Our residency at Wimbledon Space

Wimbledon Space Residency

Wimbledon Space Residency

We had a fantastic time during our residency at Wimbledon Space exploring new digital theatre piece A Secret Life for Theatre 503 for the Wandsworth Arts Fringe in May. We learnt loads about the directions the piece might go in and the support from the lovely students was brilliantly helpful.

This is a project about the elderly’s memories of adolescence, connecting teenagers today with those memories and how they compare to their own teenage experiences. We have been interviewing and audio recording some amazing local people in Merton and Wandsworth and hearing their varied stories about being a teenager – whether that’s growing up in a men’s club and being taught billiards, hating school and playing netball was the only thing that got you through it, not being able to afford the right thing to wear to a party and so not wanting to go, or the joy of first love. There’s differences in what people went through as a teenager – and yet a lot that is the same years later.

Wimbledon Space Residency

Wimbledon Space Residency

So, Tamara, our writer, and I started off our residency by listening to our audio recordings so far, writing down anything that might be interesting for our play and putting them on A4 paper in coloured pens on the wall – we separated them into topics such as family life, school, hobbies, figuring out who you are…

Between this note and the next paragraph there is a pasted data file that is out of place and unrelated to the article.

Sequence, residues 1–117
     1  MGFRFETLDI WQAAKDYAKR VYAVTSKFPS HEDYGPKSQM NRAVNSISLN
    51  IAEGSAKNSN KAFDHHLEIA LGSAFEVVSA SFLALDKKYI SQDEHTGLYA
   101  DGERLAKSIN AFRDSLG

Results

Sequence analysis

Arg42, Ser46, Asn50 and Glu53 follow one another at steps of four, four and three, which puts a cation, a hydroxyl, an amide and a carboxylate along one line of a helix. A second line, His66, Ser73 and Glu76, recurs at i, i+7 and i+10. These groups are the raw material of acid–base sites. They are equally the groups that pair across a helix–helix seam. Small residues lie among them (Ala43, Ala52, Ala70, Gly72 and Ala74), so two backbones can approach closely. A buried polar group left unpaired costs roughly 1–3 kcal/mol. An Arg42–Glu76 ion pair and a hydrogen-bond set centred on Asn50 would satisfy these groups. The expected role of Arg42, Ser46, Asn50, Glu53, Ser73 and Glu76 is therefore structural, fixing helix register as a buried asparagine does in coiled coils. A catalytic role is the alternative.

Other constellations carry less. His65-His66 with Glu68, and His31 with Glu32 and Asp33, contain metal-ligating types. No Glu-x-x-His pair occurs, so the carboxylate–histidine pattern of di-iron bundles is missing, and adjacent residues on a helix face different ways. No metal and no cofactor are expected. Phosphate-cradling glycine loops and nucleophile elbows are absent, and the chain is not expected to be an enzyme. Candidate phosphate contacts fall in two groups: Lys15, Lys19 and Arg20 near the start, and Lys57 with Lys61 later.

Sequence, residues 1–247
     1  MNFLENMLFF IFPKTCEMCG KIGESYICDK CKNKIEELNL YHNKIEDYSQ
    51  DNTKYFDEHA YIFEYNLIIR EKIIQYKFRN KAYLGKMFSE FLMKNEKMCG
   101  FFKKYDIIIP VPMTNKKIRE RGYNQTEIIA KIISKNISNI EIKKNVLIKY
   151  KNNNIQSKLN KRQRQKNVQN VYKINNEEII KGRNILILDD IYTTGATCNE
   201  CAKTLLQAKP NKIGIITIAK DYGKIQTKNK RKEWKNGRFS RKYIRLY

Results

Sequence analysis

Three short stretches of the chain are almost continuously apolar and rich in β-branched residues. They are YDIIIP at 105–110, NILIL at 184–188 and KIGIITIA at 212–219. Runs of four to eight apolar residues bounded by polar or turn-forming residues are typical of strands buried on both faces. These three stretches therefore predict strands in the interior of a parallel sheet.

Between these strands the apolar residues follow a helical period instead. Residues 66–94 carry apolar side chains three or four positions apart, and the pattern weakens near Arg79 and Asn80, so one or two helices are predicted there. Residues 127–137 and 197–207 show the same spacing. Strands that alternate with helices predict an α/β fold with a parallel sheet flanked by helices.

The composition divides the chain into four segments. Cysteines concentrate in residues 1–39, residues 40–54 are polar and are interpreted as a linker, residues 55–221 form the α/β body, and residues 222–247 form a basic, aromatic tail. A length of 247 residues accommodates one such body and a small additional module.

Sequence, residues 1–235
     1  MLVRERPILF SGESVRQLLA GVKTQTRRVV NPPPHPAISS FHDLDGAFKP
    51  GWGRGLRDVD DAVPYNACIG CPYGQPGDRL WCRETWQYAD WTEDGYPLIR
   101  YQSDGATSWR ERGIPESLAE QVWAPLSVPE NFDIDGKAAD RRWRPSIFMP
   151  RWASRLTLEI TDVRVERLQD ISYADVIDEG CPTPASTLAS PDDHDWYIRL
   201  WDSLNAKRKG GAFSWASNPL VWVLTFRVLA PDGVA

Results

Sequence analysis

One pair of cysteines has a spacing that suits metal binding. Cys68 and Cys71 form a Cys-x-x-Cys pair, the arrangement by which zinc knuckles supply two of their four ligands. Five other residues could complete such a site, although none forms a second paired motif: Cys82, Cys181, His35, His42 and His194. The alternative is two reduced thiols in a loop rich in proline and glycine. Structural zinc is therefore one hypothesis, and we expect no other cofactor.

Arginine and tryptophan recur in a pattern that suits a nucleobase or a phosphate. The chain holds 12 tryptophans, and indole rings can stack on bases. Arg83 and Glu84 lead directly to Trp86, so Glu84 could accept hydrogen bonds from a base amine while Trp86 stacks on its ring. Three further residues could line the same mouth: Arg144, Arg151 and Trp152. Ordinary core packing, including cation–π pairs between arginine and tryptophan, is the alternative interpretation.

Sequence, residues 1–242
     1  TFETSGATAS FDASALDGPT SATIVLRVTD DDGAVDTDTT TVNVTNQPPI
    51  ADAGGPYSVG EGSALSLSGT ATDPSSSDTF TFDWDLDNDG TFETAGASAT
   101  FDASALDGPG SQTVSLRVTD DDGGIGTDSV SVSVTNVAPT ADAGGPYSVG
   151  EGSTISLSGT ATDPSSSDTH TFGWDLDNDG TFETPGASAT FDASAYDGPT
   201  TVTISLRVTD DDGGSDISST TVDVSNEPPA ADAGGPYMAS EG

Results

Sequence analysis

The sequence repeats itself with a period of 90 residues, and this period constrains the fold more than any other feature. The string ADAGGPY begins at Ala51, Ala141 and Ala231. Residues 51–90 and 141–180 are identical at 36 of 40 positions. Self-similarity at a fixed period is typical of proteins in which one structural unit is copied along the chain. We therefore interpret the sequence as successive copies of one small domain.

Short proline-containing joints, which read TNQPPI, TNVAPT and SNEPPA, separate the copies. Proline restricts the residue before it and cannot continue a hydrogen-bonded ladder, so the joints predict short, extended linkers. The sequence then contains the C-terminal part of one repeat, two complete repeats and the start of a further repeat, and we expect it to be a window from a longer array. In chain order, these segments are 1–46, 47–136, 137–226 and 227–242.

Meanwhile, Francis got to work on the app for the piece. Our audience will hear the inner thoughts of a character via audio through an app they have downloaded to their smartphone. The students tested their design skills in a new way helping us to design the user interface of the app to make it not only look good but also be simple and clear to use.

About half way through the residency we also realised that some of the students at Wimbledon College of Art are still teenagers so we could get their responses to our elderly people’s audio recordings and their own thoughts on being a teenager (again more coloured pens and big bits of paper on the walls). We tempted people in with the lure of biscuits (who doesn’t love a chocolate digestive?!), asked them to watch and listen to the audio recordings with added pictures projected onto the walls and recorded their responses via questionnaire.

Overall, thank you so much to Wimbledon Space for this brilliantly useful and productive residency! We learnt a lot and consumed a lot of biscuits.


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  • [Don Alfonso’s] challenge, and their resulting bet, comes about so naturally in this context that I began to wonder why every Cosi doesn’t start in a pub beer garden.

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